Vaccination debate draws hundreds to Maine State House
Hundreds descended on the State House complex on Wednesday to testify for two competing immunization bills — one from Democrats that would remove exemptions that currently allow parents to opt out of vaccinating their children, and a counter bill from Republicans, which would protect that right for parents and doctors.
By late Wednesday afternoon, public testimony in a cramped committee room had exceeded four hours. During the first few hours of the public hearing before the Legislature’s education committee, Maine residents who had traveled from across the state listened to the hearing from three overflow rooms, many still waiting for their turn to testify.
“We have a threat sitting there, and we want to make sure we take action,” Tipping said Wednesday, referencing DHHS data that show Maine’s rate of unvaccinated kindergarten students claiming a non-medical exemption is at 5 percent.
While vaccination rates have hovered above 90 percent since at least 2013, Maine’s unvaccinated population of youngsters is still more than double the national rate — the majority of which claim a religious or philosophical exemption. During their testimony, several proponents of eliminating non-medical exemptions pointed to Maine’s rising pertussis rates and the 2017 measles outbreak — the first in 20 years — as evidence that not vaccinating still poses an active risk.
The counter bill from Sen. Russell Black, R-Wilton, LD 987, would protect parents’ and medical professionals’ autonomy to choose against vaccinating by expanding ways parents could claim a medical exemption. The bill also removes the authority of relevant governing boards from enacting immunization laws beyond what’s currently required by the state.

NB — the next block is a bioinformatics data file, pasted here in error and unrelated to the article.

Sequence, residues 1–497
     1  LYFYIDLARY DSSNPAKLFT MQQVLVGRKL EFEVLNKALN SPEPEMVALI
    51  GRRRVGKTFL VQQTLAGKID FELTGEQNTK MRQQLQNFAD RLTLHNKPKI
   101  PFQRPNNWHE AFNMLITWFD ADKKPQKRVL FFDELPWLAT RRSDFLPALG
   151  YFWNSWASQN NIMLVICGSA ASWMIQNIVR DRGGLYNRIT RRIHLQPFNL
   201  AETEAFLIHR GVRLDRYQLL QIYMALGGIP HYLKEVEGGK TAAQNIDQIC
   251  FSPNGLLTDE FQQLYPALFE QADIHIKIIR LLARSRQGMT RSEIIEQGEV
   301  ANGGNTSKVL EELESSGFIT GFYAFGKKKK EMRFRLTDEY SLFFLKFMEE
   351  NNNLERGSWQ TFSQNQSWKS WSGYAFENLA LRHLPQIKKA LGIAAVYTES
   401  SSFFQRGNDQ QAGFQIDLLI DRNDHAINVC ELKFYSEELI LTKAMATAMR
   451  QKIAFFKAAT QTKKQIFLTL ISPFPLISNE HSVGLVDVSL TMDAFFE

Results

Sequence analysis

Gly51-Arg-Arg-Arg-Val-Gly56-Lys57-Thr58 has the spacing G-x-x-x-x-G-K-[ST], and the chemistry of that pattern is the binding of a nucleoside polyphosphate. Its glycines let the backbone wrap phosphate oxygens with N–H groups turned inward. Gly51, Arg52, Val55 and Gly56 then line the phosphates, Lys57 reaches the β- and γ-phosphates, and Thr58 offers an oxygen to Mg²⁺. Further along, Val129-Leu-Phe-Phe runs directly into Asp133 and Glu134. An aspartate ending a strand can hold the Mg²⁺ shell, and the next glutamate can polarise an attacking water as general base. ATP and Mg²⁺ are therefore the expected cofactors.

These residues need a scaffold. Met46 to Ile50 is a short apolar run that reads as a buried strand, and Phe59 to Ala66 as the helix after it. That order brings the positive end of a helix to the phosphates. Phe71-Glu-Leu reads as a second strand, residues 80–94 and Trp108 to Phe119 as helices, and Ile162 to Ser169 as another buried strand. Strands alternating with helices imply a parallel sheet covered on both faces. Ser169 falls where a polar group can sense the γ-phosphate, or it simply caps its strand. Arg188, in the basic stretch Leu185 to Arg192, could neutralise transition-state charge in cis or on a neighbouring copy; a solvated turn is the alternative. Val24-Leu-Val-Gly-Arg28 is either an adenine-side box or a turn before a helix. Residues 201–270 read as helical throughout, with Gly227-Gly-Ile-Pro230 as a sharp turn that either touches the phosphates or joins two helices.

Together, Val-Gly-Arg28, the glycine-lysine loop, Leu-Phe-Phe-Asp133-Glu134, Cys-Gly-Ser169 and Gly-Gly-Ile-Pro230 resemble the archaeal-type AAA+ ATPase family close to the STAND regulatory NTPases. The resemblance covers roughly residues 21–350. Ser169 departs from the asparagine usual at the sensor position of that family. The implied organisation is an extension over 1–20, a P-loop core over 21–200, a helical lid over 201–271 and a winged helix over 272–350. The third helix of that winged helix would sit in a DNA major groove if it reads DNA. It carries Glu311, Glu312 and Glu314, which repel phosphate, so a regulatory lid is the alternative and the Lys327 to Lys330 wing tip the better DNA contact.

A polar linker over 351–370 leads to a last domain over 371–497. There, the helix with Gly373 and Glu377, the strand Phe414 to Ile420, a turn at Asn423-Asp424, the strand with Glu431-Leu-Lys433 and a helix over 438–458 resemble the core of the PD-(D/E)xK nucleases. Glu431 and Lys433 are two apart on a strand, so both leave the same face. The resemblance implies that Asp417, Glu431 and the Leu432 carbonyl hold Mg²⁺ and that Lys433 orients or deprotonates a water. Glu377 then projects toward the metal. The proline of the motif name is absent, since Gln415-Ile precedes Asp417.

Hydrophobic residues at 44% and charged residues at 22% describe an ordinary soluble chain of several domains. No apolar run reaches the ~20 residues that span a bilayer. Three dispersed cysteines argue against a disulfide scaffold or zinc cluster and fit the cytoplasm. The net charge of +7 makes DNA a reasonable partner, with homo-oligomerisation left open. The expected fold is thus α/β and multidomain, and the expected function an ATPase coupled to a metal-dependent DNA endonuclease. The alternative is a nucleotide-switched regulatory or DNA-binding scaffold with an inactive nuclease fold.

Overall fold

“If we trust medical professionals to decide who can safely be vaccinated, why do we not trust those same medical professionals [to decide] who cannot be safely vaccinated?” said Rep. Heidi Sampson, R-Alfred, a co-sponsor of LD 987.
“Without this bill, parents will be asked to play Russian roulette. The weapon? A vaccine,” she said.
During early testimony, Democrats — including the administration of Gov. Janet Mills but with the exception of Sen. David Miramant, D-Camden — advocated for Tipping’s bill while Republican lawmakers generally backed Black’s bill, with some saying it would be required as a check on Tipping’s bill if it were to pass.
Public testimony ran the gamut. Support centered on public safety risks and concern that unvaccinated children could unintentionally cause epidemics of diseases that had been largely eliminated by immunization programs. Opposition mixed libertarian advocacy for personal and parental rights with skepticism based on questionable science and tragic personal anecdotes.
Proponents, including doctors and nurses, said medical exceptions are rare and maximizing the proliferation of vaccines should supersede individual choice. Some pointed to the recent New York City incident in which an unvaccinated student spread measles to 21 other students as proof of the looming risk that comes with not vaccinating.
But opponents defended their right to choose whether to invite the risk that comes with vaccination, including grieving parents whose children either died or were made sick after receiving vaccinations. Others asked for explicit language in LD 798 that would provide flexibility when claiming a medical exception.
Pat Endsley, a nurse at Wells High School speaking on behalf of the Maine Association of School Nurses in favor of LD 798, said she is often sought out as a resource for parents navigating immunization, and her advice is fairly uniform: vaccines are the answer, as they are “essential [in the] prevention of disease.” While “legitimate medical exceptions are necessary,” she said, true exceptions are rare and they should be strictly regulated by the state, she said.
But Morgan Silver, a Quaker mother of 12 from Phillips, said enshrining parental choice should also be protected.
“I don’t want that choice taken from me,” Silver said, adding that she generally believes in medical care and chose to have her children vaccinated.
“As long as there’s room for error, then I think we need to have exemptions. It’s very emotionally traumatizing to be forced into a belief system that you just don’t believe in,” she said. “I believe in vaccinations, personally, but I don’t want that choice taken from me or my child.”
The committee will hold work sessions on both bills before voting on recommendations to the full Legislature.
This article originally appeared on www.bangordailynews.com.